7 tips for cover letters
If you want to be a standout in a job search, sending a proper cover letter along with your resumé can be a great way to get a leg up, says Randy Miller, vice president of career counseling services at Phoenix Career Services.
But what are the rules for formatting and sending a cover letter in the digital age? Here are Miller’s words of advice on how to create a relevant cover letter today:
Send both email and printed versions.
Miller suggests sending both email and snail mail copies of cover letters, along with resumés. “In today’s world, busy folks get a lot of emails so, as a backup, why not send both versions and ensure it gets read?”
Pay attention to formatting.
Format both email and hard-copy versions of the letter the same way, in standard business letter format, with your address (both mail and email) at the top, followed by the date and recipient’s name and address below it — all on the left margin.
“Be sure and do your research, and include the person’s name who the letter is going to,” Miller advises. “Using the phrase ‘to whom it may concern’ should be avoided at all costs.”
For the email version, Miller suggests saving your cover letter as a PDF and attaching it along with your resumé. It’s more professional to use an attachment, he says, and some large companies are wary of opening Word® documents.
Address your letter appropriately.
When approaching a large corporation, definitely use Mr. or Ms. Last name in the address, Miller emphasizes. For smaller organizations or nonprofits, first names came be used in a letter or email.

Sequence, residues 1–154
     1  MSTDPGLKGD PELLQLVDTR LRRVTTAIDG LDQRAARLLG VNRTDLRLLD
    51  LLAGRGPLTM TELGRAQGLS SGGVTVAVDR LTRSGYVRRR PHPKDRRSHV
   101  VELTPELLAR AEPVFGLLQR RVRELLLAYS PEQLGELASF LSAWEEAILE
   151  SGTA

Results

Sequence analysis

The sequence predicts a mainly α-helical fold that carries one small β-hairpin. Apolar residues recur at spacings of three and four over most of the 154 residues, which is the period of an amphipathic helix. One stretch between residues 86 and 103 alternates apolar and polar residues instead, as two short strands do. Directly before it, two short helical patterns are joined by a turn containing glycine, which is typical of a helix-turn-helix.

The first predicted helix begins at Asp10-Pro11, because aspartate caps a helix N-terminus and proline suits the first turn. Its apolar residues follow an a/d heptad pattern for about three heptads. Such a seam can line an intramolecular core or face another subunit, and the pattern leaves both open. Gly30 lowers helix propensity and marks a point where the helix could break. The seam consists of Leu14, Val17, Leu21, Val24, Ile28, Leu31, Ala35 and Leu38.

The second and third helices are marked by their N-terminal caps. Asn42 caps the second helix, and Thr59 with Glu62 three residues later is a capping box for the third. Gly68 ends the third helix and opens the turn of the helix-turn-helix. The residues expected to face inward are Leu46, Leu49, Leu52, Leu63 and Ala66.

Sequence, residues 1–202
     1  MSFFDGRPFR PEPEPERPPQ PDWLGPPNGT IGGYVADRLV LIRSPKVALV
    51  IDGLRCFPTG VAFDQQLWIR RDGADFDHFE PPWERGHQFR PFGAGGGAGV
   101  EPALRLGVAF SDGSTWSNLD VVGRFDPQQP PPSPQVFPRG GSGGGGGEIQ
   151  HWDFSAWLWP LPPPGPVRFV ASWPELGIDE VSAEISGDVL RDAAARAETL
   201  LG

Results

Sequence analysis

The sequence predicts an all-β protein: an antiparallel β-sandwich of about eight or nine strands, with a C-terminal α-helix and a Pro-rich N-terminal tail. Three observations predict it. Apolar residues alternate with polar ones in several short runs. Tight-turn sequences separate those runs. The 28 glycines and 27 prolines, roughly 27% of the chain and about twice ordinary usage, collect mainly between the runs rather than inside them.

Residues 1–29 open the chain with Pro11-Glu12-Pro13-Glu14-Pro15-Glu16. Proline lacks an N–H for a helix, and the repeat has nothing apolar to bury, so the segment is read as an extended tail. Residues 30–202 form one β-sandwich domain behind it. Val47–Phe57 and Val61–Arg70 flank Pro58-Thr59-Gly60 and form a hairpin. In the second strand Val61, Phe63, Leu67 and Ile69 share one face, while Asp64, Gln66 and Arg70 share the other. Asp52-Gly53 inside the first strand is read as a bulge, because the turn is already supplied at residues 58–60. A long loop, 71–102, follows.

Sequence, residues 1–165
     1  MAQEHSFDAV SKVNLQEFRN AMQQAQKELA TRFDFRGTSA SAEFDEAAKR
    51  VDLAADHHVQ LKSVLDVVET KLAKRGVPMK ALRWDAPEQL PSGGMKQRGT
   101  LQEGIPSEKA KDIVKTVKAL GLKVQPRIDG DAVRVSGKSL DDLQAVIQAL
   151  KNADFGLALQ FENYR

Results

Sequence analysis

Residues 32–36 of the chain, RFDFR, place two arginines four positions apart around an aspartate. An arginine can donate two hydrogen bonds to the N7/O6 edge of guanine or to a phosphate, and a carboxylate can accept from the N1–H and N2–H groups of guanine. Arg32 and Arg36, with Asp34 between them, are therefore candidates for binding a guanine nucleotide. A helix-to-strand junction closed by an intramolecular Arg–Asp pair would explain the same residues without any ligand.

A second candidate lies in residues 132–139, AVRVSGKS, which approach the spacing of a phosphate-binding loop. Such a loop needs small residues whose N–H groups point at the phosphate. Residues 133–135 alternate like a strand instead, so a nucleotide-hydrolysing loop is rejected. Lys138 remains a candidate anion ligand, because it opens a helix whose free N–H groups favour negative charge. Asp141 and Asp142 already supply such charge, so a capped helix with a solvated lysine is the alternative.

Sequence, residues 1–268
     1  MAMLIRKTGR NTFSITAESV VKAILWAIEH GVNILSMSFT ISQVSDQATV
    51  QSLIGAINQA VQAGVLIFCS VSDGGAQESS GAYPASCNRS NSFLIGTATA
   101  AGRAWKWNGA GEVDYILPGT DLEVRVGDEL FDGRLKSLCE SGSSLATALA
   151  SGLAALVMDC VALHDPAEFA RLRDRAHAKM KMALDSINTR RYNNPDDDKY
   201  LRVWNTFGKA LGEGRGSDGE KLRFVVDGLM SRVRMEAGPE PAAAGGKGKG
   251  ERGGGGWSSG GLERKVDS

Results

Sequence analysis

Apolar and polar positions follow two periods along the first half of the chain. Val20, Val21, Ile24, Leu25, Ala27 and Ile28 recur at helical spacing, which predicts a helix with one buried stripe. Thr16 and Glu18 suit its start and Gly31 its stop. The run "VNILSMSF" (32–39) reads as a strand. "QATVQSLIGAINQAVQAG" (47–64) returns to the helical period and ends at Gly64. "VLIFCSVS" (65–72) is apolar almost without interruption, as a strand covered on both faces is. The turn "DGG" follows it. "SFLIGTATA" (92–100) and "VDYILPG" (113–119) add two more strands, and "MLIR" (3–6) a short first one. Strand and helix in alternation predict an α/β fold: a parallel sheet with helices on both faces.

Write your subject line carefully.
How you identify your cover letter in the subject line is important, Miller stresses. In addition, for the best chance at having your letter opened, he suggests using the name of the company in the subject line, followed by the job title and your name, as in ABC Company/Sales Job/John Smith.
Choose your attachment labels wisely.
To make it easier on the recipient, label your cover letter and resumé documents as: cover letter/John Smith and resumé/John Smith.
Miller also recommends sending yourself a blind carbon copy each time you email a letter, so you have it for your personal records.
Edit your letter.
Cover letters should be concise, roughly three paragraphs long, and should give concrete examples of how your experience and skills meet the job qualifications, as well as focus on what you can do for the organization rather than on what the company can do for you.
Keep the content of the email short, too: “Please find my cover letter and resumé attached for your review. As your schedule allows, please confirm receipt, so I know you have received it.”
Treat blind inquiries appropriately.
All of the above tips apply when writing a letter applying for a specific job. However, when writing a general letter to inquire about job openings, Miller doesn’t suggest writing a formal letter.
“I think the formality of the cover letter is for an end-game deliverable: securing an interview,” he says. “Call me old-fashioned, but if you just want a question answered about whether there are job opportunities, you should pick up the phone and call HR and ask the question.”
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